Federal Treasurer Joe Hockey is set to lead a renewed push for Australia to become a republic, raising the ire of some of his Coalition colleagues.
Mr Hockey and Labor senator Katy Gallagher are forming a Parliamentary Friendship Group to revive debate about the issue, which has been effectively dormant since the failed 1999 referendum.
The announcement was made by Mr Hockey’s friend, and the head of the Australian Republican Movement, Peter FitzSimons at the National Press Club.
But the timing of the announcement has surprised some within Government, given the Coalition has struggled in recent months to maintain focus on its agenda of jobs and economic growth.
Mr Hockey’s Cabinet colleague, Deputy Prime Minister Warren Truss, said a renewed debate on the monarchy was not on his list of priorities.
“We’ve got important issues to deal with, like the economy and managing difficult international issues, the security of this country. I think those are the sorts of things I‘ll be giving my priority to,” he said.
“I think we’ve dealt with [the republic debate] in the past, I suspect public opinion hasn’t changed much, so let’s concentrate on the things that matter most to this country.”
The Treasurer supported the 1999 referendum and is one of the most prominent republicans in Government, along with Cabinet colleague Malcolm Turnbull, who led the Australian Republican Movement before entering Parliament.
Liberal senator and constitutional monarchist Dean Smith criticised Mr Hockey, saying it was “most definitely a distraction”.
“The priority for every parliamentarian is to focus on the national economy and on jobs creation, nothing is more important than strengthening the economy and creating jobs at this time,” he said.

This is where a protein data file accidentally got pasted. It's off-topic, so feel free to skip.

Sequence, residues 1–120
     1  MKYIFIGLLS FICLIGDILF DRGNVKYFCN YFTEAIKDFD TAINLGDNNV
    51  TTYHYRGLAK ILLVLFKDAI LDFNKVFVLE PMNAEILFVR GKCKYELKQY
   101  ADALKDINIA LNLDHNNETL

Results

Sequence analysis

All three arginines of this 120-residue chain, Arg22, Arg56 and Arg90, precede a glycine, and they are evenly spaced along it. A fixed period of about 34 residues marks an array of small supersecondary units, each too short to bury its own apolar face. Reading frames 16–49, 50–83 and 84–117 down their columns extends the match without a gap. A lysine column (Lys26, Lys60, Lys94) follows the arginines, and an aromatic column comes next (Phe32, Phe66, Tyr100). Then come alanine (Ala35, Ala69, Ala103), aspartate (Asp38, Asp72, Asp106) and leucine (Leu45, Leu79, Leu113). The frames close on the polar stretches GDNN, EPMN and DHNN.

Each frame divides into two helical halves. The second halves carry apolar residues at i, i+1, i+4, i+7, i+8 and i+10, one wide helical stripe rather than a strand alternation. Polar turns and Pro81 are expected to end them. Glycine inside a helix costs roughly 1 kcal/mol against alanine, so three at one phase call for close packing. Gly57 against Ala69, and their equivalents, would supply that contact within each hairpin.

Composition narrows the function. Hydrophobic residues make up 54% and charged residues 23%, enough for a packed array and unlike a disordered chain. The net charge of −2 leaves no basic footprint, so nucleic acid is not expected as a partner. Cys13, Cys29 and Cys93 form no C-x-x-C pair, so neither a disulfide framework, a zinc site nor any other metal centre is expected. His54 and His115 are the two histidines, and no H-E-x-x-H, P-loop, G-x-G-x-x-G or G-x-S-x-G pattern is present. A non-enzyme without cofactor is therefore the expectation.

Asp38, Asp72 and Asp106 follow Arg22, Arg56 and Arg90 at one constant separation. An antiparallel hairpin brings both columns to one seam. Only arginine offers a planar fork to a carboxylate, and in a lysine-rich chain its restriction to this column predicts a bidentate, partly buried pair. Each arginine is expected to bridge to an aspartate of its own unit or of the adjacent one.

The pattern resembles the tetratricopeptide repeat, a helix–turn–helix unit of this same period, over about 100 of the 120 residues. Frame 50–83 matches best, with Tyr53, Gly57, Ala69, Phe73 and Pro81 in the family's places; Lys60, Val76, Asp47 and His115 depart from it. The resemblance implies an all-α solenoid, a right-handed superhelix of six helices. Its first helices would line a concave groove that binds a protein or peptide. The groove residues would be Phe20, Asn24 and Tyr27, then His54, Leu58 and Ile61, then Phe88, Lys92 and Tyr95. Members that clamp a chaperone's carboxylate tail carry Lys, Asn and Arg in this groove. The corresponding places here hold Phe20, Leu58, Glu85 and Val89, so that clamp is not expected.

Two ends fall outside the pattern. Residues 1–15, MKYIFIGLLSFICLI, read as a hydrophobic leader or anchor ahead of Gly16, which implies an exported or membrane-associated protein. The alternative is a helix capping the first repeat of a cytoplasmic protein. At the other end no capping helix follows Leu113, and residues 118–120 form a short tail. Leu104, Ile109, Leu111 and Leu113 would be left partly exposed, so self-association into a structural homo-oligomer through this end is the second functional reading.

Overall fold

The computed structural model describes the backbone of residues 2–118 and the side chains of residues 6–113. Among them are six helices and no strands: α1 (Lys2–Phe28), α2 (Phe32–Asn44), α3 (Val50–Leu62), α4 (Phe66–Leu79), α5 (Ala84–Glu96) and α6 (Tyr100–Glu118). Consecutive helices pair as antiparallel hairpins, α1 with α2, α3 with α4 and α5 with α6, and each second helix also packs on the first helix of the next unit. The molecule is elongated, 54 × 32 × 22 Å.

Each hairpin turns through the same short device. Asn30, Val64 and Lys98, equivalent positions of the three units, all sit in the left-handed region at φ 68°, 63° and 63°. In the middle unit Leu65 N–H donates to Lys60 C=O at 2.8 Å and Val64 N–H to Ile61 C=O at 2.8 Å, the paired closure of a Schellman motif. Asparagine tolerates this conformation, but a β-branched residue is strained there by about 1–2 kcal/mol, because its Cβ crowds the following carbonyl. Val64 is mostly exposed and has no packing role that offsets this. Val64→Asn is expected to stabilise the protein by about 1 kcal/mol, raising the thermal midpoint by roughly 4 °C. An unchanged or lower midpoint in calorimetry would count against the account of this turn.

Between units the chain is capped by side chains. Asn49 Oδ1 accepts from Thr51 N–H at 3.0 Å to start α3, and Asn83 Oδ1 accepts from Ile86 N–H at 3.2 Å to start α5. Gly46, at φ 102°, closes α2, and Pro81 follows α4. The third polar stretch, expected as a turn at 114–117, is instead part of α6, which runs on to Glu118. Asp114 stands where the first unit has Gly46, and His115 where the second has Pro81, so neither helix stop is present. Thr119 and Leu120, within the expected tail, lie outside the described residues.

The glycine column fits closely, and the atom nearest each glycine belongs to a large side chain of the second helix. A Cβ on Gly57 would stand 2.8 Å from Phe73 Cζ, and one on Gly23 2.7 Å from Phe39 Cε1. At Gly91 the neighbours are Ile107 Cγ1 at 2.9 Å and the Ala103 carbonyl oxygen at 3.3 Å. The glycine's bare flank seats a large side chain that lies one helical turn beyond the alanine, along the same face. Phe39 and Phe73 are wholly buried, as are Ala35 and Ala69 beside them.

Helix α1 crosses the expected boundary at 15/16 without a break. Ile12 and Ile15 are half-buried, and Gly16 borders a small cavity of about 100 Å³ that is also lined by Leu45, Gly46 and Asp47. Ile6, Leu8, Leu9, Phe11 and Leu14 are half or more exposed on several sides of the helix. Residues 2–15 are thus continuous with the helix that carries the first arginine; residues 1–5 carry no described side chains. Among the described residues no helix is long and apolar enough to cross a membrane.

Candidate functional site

However, Mr Hockey defended his decision, saying he had long advocated his views on a republic.
“They are a matter of public record and those views haven’t changed,” his spokeswoman said.
Fitzsimons: ‘We’re putting the band back together’
FitzSimons said in his Press Club speech: “The key thing I wish to say today is we are putting the band back together.”
“It’s the hope in the next five years, Australia can begin the formal process towards becoming the Republic of Australia.
“A republic that we deserve to be, an independent sovereign nation beneath the Southern Cross we stand, a sprig of wattle in our hand.”
In 2004, Mr Hockey described the then-Labor leader Mark Latham’s push for another republic referendum as a “distraction”.
“When you’ve got hospitals and schools and police and security as you talked about — the issues that really matter — including national security, Mark Latham is off talking about the republic and as an avowed republican, I don’t know where he’s coming from,” he told Lateline at the time.
In that interview, he said if another referendum were to be held “let’s get it right and let’s get it up”.
‘Minimalist model’ proposed for referendum question
Two reasons are often cited for the failure of the 1999 referendum: the wording of the question, and a brawl within the republican movement over whether the head of state should be elected by politicians or the people.
To avoid these problems, FitzSimons proposed a “minimalist model”, starting with a simple question to be put to the Australian people.
He said the question should be: “Do you support replacing the British monarch with an Australian citizen as the Australian head of state?”.
Under his proposal, the Prime Minister would still appoint a Governor-General, but rather than asking the Queen to approve the appointment, it would be signed off by a two-thirds majority of Parliament.
“When properly presented, my minimalist model — this is only my view — is the most likely to succeed as it addresses the foremost concern of the ‘if it ain’t broke, don’t fix it’ crowd,” he said.